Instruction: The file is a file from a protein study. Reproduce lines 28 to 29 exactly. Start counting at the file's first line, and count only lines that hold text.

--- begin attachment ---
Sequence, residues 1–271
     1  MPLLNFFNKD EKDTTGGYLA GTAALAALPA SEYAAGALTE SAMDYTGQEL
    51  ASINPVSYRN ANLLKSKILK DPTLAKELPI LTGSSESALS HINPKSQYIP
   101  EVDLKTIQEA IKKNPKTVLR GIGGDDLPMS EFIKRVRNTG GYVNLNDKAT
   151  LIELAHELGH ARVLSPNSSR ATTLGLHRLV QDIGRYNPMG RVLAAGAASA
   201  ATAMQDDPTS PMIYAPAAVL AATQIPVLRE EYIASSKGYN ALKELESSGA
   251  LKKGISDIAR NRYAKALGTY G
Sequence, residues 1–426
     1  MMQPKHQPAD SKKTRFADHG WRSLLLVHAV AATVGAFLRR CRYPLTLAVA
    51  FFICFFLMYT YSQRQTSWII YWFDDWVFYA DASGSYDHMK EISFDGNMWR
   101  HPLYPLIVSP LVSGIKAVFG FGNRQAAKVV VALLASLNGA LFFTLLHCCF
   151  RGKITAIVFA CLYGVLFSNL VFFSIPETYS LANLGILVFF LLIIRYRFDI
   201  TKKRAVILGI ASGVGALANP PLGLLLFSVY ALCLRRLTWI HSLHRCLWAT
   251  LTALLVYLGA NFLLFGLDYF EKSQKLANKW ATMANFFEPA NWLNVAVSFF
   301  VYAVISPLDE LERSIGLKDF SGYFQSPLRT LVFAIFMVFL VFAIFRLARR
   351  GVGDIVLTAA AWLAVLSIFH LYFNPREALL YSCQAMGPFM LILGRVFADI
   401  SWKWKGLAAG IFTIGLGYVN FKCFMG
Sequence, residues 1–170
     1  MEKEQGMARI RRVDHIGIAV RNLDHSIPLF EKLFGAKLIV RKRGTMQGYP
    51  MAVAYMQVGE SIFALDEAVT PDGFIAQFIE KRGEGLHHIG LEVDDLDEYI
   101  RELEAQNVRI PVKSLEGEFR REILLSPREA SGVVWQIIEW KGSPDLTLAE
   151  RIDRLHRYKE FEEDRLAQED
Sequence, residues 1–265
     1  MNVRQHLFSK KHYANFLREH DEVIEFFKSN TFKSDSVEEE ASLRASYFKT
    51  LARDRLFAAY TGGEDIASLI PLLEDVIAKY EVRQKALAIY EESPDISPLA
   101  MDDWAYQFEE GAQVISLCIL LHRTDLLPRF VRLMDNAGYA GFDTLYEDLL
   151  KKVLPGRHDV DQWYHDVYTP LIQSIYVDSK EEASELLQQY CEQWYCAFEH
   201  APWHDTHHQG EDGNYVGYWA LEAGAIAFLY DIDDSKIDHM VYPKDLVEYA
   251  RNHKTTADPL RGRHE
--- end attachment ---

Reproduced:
   201  APWHDTHHQG EDGNYVGYWA LEAGAIAFLY DIDDSKIDHM VYPKDLVEYA
   251  RNHKTTADPL RGRHE